Martini & Rossi had an interesting display in the paddock of just Martini & Rossi sponsored cars, which included some of the Porsches below, as well as various Lancia’s and Lancia rallye cars.
Some of the entrants race up the hill to set a time and try and “win the hill-climb.” Others cruise up at a more leisurely pace, no doubt hesitant to push some of the cars that hard, as they are very valuable. Some are real showmen, and do donuts, spins, bike wheelies etc, and while some entrants drive their own cars, others hire pros to come in and drive. Porsche had brought in many of their former drivers to drive, such as John Fitzpatrick, Manfred Schurti, Derek Bell, etc.
Practically everyone who is anybody in racing shows up for this. From a historical stand-point, several cars and drivers stood out for me:
- Jackie and Paul Stewart driving two pristine Tyrrell Fords
- Richard Petty driving his 1972 STP Dodge Charger
- Giacomo Agostini racing up the hill on his MV Agusta
- Hans Stuck driving the 16-cylinder Auto Union Type C
- Nic Minassian driving Nick Mason’s Ferrari 250 GTO
- Johnnie Rutherford driving his 1980 Chaparral Cosworth 2K Indy Winner
- Rene Arnoux driving his Renault RS01 F1 car
- Valteri Bottas driving the Mercedes W07 F1 car
For the Porsche enthusiast, it was a cornucopia of history to choose from. Early street cars and race cars all the way up to the 919 Hybrid, and all in between. Some highlights:
- A factory Gulf, as well as David Piper’s 917K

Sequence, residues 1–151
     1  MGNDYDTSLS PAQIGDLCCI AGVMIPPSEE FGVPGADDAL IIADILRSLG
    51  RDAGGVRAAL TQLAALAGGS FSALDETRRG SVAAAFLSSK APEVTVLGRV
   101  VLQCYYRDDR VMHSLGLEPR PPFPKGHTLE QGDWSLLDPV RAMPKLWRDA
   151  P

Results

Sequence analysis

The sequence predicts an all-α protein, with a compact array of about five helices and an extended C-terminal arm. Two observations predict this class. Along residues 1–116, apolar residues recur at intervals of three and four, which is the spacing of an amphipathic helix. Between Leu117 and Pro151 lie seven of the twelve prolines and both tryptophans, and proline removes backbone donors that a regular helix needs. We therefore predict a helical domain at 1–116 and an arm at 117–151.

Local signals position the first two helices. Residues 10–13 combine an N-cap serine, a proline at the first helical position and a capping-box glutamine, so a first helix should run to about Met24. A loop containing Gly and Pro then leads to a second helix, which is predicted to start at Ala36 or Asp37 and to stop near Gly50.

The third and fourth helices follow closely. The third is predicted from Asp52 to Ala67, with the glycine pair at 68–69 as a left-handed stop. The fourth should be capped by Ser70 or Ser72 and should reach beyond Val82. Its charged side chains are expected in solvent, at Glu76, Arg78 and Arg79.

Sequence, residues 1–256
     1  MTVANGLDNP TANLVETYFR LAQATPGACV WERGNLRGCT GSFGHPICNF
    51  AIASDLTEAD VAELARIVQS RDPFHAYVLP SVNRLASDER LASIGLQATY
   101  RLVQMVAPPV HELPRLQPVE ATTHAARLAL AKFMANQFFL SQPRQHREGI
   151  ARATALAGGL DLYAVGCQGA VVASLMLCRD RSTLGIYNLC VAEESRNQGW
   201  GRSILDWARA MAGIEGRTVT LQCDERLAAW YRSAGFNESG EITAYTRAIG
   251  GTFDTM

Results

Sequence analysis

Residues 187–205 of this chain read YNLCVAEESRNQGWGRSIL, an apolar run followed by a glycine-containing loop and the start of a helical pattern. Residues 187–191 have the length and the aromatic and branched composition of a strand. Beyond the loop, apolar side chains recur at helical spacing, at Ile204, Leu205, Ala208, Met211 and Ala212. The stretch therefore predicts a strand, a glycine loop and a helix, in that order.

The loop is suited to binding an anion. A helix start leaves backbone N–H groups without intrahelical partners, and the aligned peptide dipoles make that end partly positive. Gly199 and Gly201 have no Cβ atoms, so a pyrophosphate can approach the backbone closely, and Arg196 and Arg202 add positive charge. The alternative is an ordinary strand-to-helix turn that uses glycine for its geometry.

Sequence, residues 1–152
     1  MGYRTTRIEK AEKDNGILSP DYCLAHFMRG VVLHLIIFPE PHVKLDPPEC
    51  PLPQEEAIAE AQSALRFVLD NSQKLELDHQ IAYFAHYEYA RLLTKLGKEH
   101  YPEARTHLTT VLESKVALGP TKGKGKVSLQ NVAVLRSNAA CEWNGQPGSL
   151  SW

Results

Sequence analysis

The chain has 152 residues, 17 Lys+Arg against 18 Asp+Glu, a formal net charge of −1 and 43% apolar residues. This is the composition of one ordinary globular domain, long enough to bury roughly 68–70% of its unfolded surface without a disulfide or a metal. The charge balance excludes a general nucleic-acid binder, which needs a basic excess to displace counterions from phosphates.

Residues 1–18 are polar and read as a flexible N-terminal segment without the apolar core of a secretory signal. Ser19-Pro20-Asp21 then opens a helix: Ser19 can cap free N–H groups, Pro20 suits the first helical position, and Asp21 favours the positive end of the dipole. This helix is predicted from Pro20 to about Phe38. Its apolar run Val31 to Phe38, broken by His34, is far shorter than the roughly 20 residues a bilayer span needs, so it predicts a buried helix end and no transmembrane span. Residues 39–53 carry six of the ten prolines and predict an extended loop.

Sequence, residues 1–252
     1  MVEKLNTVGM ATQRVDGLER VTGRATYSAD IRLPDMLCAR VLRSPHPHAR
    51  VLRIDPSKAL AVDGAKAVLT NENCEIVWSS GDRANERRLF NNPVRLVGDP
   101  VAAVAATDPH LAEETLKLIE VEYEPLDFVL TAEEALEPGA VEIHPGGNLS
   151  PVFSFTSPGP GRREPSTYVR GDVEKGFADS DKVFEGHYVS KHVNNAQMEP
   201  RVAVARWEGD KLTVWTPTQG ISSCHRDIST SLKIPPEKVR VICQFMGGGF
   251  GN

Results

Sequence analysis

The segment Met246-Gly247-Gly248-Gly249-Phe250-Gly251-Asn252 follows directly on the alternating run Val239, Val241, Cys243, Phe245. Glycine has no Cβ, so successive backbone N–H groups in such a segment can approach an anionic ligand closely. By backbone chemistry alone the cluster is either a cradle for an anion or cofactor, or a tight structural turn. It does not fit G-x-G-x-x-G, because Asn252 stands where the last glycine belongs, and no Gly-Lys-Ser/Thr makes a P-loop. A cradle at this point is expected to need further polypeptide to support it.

- The 917-30 of Penske/Donohue
- The Moby Dick 1978 935 driven by both John Fitzpatrick and Manfred Schurti
- The 1979 935 driven by Paul Newman at Le Mans, now owned by Adam Carolla in Los Angeles
- The 1987 Le Mans winning 962C (or parts of it anyway) driven by Derek Bell
- An IROC RSR as driven by Peter Revson
- A 1973 RSR that won Sebring that year driven by Hurley Haywood, one of the drivers in 1973
- The 2018 Le Mans winning 911 RSR with the pink pig paint job
- 1998 Le Mans GT1
- 904 GTS
- Rothmans 959
- 1973 Martini RS
- A private 908-02
- The 919 Hybrid
You got the feeling that you were always missing something, as there was so much going on, non-stop. While the Rallye cars ran the Rallye course, the F1 cars went up the hill, so you just could not see it all. There were a few moments of excitement on the track for sure. On Sunday, as Derek Bell finished the course in the 1987 962C, he slowed and was promptly rammed from behind by a 911 GT3 Cup car. It was an embarrassing moment for Porsche for sure, but the damage did not look too bad. Someone commented, well maybe now they will put the correct 1987 tail on the 962 instead of the 1988 version that was on there. On the first run Sunday, Romain Dumas in the VW Pikes Peak car (complete electric) took off quickly, and lost control at the first corner shortly after the start. He did some dirt running but managed to keep it out of the hay bales. His comment at the end was, “well now I have found the limit.” He got it sorted out by the afternoon and ended up setting the fastest time at 43.6 or so, and won the hill climb.
All in all, we felt it was a great event to showcase motor racing history and technology. Given the amount of people on hand for this, I must say the Duke (of Richmond) and his staff do a remarkable job of organising and running this world class event. Indeed, I felt fortunate to come away with a poster of the event. By mid-day Saturday much of the Goodwood “swag” was already gone – sold out!
Written by: Martin Raffauf
Images by: Martin Raffauf